We often create a bucket list of things we wish to do, experience and accomplish “before we die,” but that doesn't have to be the only criteria.

If you have a furry canine companion, you can also create a dog bucket list, so you can plan activities ahead and create experiences that you can treasure for the rest of both of your lives. Now let's think, if you were a dog, what would you put on your “essential things to do” list? Here are 12 great ideas to include in your dog bucket list:

1. Go On a Road Trip

Go On a Road Trip
Joseph Sohm / Shutterstock.com

Pulitzer prize-winning author John Steinbeck (“The Grapes of Wrath“), then 58, embarked on a cross-country road trip with his 10-year-old poodle, Charley, in the 1960s. Steinbeck's son said that his father wanted to take the road trip after being diagnosed with an illness. The author's adventures with Charley on the road became another best-selling book. But while not everyone can churn out a winning novel for this bucket list idea, you and your dog could be on an adventure of a lifetime as well if you go cross-country together. If you don’t know it yet, dogs are such eager and reliable companions on car road trips that you won't want to ever have anyone else with you.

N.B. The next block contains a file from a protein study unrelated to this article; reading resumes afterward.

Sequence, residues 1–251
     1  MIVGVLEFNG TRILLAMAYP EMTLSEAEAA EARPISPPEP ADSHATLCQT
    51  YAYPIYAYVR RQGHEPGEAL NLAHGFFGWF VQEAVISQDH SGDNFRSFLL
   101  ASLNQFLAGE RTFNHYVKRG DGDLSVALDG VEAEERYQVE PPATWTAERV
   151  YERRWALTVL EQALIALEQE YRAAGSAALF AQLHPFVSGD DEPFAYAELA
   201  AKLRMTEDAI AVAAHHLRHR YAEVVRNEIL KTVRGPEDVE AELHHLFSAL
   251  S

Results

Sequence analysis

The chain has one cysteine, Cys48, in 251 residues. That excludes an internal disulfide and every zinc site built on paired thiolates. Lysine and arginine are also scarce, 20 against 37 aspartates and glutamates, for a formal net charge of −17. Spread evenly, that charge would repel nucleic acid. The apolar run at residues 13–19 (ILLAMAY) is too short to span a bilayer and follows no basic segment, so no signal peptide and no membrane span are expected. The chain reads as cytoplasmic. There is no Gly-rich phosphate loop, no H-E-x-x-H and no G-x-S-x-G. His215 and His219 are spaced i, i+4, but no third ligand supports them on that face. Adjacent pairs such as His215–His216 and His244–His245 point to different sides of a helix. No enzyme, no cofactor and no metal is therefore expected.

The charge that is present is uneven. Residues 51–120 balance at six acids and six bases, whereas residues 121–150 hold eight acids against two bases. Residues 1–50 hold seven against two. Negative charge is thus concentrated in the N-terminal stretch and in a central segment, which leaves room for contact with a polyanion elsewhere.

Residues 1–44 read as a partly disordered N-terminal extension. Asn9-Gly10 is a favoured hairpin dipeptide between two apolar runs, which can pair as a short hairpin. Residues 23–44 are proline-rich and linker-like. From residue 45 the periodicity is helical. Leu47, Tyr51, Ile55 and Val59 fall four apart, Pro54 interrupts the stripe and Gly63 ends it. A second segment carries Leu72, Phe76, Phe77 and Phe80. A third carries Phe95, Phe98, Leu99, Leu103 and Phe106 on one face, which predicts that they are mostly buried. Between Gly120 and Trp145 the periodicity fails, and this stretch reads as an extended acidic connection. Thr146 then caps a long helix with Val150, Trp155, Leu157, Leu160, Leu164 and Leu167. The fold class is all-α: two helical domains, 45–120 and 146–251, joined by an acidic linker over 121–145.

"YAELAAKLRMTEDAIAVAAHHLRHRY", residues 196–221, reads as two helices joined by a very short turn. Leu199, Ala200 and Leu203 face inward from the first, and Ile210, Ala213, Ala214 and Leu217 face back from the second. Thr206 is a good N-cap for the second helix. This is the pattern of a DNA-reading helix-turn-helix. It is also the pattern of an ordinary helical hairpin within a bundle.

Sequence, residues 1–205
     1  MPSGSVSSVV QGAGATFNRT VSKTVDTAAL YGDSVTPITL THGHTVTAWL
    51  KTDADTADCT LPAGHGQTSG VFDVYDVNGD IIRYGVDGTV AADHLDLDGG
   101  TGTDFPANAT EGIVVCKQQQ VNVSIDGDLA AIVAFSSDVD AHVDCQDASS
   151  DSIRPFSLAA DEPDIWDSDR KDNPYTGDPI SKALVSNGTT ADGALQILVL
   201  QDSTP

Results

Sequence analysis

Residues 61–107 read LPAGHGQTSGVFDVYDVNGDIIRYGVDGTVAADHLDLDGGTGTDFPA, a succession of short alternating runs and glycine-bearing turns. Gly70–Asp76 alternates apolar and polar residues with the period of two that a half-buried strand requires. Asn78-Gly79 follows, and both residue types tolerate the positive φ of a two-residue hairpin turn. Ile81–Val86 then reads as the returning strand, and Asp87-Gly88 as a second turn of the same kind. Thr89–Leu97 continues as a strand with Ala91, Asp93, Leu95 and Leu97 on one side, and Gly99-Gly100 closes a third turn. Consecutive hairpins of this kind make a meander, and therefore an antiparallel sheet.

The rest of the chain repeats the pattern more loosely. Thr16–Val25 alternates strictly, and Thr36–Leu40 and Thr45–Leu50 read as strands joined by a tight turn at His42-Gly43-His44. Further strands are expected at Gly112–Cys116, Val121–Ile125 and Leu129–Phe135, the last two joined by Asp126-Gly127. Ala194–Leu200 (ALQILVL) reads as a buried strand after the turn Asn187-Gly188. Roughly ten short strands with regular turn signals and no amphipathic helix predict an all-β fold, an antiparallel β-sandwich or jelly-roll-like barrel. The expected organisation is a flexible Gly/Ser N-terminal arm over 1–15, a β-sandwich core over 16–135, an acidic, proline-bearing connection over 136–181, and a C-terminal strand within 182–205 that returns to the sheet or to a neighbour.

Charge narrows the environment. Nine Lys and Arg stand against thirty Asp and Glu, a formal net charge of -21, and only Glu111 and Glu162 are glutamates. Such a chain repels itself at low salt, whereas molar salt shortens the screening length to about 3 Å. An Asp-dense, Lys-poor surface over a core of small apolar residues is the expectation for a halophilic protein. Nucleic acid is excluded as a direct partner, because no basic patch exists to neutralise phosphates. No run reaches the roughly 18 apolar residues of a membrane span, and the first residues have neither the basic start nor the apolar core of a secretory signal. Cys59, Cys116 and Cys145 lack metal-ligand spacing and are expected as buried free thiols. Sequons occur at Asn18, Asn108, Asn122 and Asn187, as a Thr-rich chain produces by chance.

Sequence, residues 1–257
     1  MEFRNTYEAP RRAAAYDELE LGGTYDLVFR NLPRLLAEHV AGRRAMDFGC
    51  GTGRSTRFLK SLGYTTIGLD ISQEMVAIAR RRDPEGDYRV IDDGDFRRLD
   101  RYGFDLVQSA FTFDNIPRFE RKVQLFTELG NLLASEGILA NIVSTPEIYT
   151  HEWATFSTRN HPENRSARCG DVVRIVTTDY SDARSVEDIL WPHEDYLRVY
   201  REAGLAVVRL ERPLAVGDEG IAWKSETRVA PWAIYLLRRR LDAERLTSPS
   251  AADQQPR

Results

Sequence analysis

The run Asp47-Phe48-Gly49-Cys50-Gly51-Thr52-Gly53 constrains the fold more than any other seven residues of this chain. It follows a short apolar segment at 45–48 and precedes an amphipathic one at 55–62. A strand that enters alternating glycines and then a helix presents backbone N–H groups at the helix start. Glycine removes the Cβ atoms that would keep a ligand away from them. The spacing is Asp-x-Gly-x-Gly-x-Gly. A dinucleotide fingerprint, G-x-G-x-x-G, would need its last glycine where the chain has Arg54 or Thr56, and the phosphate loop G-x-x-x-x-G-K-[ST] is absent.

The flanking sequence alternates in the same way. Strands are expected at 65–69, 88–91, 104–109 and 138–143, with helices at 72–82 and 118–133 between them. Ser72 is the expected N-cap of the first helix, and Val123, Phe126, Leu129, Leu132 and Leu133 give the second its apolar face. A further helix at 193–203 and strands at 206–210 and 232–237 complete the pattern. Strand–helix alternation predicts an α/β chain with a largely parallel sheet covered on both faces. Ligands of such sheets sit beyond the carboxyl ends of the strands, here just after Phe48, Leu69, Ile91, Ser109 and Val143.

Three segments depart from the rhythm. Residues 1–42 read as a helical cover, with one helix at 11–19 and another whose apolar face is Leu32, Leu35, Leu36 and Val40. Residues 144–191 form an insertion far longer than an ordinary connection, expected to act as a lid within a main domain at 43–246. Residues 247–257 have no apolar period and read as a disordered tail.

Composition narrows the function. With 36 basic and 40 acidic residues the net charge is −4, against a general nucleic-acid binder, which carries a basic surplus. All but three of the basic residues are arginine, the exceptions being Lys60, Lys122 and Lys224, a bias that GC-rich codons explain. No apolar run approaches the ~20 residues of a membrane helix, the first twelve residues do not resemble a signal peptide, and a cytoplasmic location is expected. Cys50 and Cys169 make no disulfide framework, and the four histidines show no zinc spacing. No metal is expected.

2. Try Skydiving (Finally)

There aren't a lot of people who can say that they have tried skydiving, which is why it's usually on everybody's bucket list. And there are definitely not a lot of dogs that have done skydiving in particular, and the few brave canines that have tried are perhaps the coolest canines to exist. In the Navy, SEALS dogs have been trained to skydive and they seem very good at it too. A group of dogs in South Africa also have been skydiving to fend off poachers. If your dog has a daredevil streak then skydiving should be in his bucket list. It will be a different experience, for sure!